Japan has resumed its ‘scientific’ whaling activities in Antarctica. The EU should use its trade deal negotiations to gain commitments from the Far-East country to enforce the multilateral environmental agreements to which it is a signatory, write Chris Butler-Stroud and Joanna Swabe.
Chris Butler-Stroud is CEO of Whale and Dolphin Conservation. Dr Joanna Swabe is Executive Director at Humane Society International/Europe.
As negotiations for the EU-Japan Free Trade Agreement are soon set to enter their 17th round and substantial parts of the Sustainable Development chapter are reportedly close to completion, one big issue continues to be kept off the negotiating table: whaling.
For many years, Japan has been flouting the International Whaling Commission (IWC) moratorium on commercial whaling by issuing special permits for so-called ‘scientific’ whaling. In March 2014, the International Court of Justice (ICJ) ruled that Japan should immediately rescind these permits, as its whaling was not ‘for the purposes of science’ and, therefore, Japan was in contravention of the IWC moratorium.
Undeterred, in October 2015, Japan declared that it would reject any future jurisdiction of the ICJ over all marine living resources, including whales. Subsequently, in November 2015, Japan announced that it would resume Antarctic whaling under its new programme, “NEWREP-A”, despite the judgment of the Court and overwhelming scientific opposition.
The fleet left port for Antarctica on 1 December 2015; returning in March 2016, having killed 333 minke whales. Around 90% of the adult females harpooned were pregnant.
According to the latest IWC resolution on scientific whaling (2014), no further special permits for whaling under existing or new research programmes should be issued before the IWC has addressed the guidance arising from the ICJ. Moreover, in June 2015, the IWC Scientific Committee concluded that NEWREP-A does not meet the requirements of the IWC Convention for scientific whaling, since no convincing justification for the use of lethal methods had been given.
MEPs from across all political groups have also joined this loud chorus of disapproval. In a rare display of unanimity during a recent plenary debate, they expressed their abhorrence for the resumption of whaling in Antarctica and agreed that the EU needs to exert more pressure on Japan to cease its whaling activities.
To these ends, several MEPs explicitly asked the Commission and Council whether they planned to pursue this issue through the current FTA negotiations with Japan. Disappointingly, Commissioner Jyrki Katainen declared that while the EU was indeed pushing for a strong chapter on sustainable development, whaling would not be part of the discussion.
The Commission’s sheer disregard for the European Parliament’s position on this issue beggars belief. In a Resolution on the planned EU-Japan FTA negotiations adopted in 2012, the Parliament noted that, “serious divergences remain between the EU and Japan on issues related to the management of fisheries and whaling notably Japan’s whaling under the guise of scientific whaling, and calls for broader discussions on the matter of the abolition of whale hunting and of trade in whale products”.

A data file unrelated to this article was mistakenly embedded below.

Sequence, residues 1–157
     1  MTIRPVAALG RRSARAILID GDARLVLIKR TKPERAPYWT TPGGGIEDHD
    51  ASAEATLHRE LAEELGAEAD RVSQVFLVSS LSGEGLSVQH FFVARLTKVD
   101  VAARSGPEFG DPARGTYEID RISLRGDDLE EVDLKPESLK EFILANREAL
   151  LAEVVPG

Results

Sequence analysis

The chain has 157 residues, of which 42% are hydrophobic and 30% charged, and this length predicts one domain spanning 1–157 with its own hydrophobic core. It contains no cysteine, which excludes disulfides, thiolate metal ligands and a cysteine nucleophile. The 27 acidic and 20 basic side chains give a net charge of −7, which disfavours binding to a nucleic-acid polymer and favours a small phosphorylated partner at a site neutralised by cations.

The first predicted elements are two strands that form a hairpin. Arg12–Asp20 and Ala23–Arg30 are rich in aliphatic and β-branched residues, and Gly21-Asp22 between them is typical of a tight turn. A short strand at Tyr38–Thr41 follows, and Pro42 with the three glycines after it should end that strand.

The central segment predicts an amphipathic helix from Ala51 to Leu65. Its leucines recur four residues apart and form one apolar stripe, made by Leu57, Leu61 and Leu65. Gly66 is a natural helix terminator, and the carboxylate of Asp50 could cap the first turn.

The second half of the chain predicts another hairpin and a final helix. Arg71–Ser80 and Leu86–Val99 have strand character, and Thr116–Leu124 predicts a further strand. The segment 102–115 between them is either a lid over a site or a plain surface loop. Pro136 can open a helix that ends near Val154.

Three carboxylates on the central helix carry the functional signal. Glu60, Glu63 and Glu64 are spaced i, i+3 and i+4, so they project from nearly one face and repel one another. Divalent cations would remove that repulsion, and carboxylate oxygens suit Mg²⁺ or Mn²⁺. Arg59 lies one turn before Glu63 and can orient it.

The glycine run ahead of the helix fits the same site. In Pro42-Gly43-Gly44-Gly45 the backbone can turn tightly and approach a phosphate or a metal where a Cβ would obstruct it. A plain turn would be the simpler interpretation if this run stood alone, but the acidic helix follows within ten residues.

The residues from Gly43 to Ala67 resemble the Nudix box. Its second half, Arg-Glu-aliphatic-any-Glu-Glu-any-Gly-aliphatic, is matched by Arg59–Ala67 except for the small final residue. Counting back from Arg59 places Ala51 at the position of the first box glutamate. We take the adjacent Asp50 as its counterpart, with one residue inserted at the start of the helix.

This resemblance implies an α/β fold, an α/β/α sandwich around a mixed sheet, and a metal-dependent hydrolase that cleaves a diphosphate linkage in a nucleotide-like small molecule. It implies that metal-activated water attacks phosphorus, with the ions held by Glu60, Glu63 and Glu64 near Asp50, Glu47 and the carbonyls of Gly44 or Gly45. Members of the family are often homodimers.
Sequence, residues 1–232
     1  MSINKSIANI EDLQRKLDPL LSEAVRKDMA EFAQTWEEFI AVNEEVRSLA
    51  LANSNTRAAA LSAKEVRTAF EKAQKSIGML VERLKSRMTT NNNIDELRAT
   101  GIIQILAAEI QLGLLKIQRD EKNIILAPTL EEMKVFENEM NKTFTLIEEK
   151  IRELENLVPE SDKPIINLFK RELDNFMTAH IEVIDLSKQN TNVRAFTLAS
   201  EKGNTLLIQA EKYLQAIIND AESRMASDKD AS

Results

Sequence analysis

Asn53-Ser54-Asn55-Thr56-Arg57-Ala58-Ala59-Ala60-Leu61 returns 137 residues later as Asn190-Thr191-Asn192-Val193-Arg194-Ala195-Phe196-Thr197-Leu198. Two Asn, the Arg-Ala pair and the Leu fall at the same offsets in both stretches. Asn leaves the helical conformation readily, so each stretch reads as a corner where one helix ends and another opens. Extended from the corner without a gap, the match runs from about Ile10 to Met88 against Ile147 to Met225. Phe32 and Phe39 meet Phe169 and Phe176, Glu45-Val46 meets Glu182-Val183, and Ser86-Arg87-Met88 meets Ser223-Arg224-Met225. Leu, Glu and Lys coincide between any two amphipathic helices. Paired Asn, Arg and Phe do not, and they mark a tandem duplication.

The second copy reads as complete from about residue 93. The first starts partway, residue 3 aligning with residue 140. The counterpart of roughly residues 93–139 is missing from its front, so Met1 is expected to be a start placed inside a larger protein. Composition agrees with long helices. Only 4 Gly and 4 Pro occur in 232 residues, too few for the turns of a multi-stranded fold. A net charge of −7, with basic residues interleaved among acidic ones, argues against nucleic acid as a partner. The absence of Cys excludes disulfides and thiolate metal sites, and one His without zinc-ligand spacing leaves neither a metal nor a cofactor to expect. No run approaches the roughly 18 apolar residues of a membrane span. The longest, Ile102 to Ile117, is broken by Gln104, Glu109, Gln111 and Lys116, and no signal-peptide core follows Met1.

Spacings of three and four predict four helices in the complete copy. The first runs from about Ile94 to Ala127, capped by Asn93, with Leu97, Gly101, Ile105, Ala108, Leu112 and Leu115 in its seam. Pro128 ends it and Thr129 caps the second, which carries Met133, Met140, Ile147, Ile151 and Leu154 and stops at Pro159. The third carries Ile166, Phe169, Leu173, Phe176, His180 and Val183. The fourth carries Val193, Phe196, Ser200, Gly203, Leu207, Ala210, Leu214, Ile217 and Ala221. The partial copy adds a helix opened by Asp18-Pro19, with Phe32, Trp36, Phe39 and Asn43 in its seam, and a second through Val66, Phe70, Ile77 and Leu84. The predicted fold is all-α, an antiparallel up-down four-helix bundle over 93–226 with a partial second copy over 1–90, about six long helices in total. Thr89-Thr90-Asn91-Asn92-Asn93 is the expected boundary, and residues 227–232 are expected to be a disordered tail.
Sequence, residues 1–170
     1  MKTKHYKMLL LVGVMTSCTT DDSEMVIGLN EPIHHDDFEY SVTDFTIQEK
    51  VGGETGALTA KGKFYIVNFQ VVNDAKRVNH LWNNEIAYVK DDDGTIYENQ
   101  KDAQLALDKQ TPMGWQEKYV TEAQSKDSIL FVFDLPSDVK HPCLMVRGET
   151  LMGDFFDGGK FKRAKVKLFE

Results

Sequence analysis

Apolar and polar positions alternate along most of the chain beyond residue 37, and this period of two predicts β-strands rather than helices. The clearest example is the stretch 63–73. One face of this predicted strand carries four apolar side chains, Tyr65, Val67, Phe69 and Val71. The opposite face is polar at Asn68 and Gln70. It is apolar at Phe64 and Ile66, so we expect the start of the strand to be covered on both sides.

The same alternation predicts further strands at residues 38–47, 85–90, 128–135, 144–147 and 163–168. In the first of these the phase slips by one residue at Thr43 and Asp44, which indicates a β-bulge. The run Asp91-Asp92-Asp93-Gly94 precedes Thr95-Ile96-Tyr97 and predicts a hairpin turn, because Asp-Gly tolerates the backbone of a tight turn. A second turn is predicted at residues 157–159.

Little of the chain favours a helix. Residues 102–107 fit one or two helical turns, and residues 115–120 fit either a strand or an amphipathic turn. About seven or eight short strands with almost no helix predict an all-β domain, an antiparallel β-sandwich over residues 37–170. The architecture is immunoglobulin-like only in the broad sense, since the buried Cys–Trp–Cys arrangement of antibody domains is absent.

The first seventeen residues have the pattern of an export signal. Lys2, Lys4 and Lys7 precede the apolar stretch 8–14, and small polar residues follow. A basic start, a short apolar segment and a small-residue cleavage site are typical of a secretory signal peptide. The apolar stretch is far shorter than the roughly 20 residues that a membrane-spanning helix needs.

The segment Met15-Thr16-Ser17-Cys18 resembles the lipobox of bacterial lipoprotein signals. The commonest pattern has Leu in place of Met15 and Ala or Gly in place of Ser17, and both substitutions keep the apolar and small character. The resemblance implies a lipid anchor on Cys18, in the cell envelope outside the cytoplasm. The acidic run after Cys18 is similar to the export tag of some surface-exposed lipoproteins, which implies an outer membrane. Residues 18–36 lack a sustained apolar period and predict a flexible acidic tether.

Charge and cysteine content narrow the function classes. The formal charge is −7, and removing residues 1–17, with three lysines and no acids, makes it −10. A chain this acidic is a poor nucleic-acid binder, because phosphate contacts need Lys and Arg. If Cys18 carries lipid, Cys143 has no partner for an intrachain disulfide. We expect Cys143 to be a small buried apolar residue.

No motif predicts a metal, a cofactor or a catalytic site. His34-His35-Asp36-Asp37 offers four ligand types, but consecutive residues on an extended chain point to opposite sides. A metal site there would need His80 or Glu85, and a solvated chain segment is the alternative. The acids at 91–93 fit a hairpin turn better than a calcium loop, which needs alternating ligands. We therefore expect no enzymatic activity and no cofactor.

Continually turning a blind eye to this direct statement from the EU’s elected officials sends the wrong signal to Japan. Since the FTA negotiations were launched in 2013, Japan has gone out of its way to significantly undermine international law with respect to the whaling issue. Its effective rejection of the ICJ’s 2014 ruling against its so-called ‘scientific’ whaling, and its withdrawal from all future ICJ decisions on all marine living resources (i.e. all fisheries) means that the EU should seriously question any agreement Japan enters into going forward.
Failure to raise whaling within the FTA negotiations will have consequences. The Commission should take advantage of the negotiations to encourage Japan to follow a new path with regard to wildlife protection. Otherwise, Japan may try to coerce the EU to make new concessions at future IWC meetings.
The EU should not reward Japan for its aggressive attacks on international law and, indeed, should seize the opportunity presented by the FTA negotiations to emphasise that the time is ripe for Japan live up to its commitments under the multilateral environmental agreements (MEAs) to which it is a signatory and to change its policy on whaling once and for all.
It has in fact become standard for the sustainable development chapters of trade deals negotiated by the EU to include an article whereby the parties commit to effectively implement in their laws and practices the MEAs to which they are party. The International Convention for the Regulation of Whaling (ICRW) is one such MEA to which Japan must abide.
Following its June plenary debate on Japanese whaling, the European Parliament is set to table a Motion for a Resolution on the matter in July. It seems clear that their voice should be instrumental in getting the EU to take a stronger stand against Japan´s whaling.
The European Union already has adopted strong policies against commercial and scientific whaling. The Commission has both an opportunity and obligation to reaffirm the EU´s stance against commercial and scientific whaling during its FTA negotiations with Japan.